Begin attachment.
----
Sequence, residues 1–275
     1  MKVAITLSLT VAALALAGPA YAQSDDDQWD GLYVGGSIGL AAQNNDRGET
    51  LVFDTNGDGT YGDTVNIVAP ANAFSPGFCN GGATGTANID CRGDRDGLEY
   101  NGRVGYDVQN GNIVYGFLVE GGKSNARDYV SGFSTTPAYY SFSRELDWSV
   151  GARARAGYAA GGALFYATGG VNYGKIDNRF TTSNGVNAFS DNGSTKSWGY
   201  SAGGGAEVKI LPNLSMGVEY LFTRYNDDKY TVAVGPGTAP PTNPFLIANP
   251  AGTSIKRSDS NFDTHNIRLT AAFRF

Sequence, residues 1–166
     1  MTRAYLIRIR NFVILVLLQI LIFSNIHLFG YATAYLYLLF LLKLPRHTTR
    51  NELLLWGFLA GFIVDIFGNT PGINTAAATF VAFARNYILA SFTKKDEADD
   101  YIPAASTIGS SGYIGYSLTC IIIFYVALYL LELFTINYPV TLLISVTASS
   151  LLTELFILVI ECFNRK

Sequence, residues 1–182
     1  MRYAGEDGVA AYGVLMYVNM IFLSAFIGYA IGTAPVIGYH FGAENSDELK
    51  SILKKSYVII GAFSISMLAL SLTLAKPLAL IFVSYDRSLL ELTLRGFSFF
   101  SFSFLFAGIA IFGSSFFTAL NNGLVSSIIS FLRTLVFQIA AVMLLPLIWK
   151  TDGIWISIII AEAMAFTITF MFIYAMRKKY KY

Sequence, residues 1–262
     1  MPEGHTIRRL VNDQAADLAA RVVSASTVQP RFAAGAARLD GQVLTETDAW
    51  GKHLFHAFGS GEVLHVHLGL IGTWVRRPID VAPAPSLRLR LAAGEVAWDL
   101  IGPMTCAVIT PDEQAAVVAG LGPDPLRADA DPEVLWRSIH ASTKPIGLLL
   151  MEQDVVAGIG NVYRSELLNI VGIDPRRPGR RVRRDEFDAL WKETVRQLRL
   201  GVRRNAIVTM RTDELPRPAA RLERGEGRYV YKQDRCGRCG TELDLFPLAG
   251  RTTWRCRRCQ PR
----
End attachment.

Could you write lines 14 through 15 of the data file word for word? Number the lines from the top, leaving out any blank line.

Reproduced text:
     1  MRYAGEDGVA AYGVLMYVNM IFLSAFIGYA IGTAPVIGYH FGAENSDELK
    51  SILKKSYVII GAFSISMLAL SLTLAKPLAL IFVSYDRSLL ELTLRGFSFF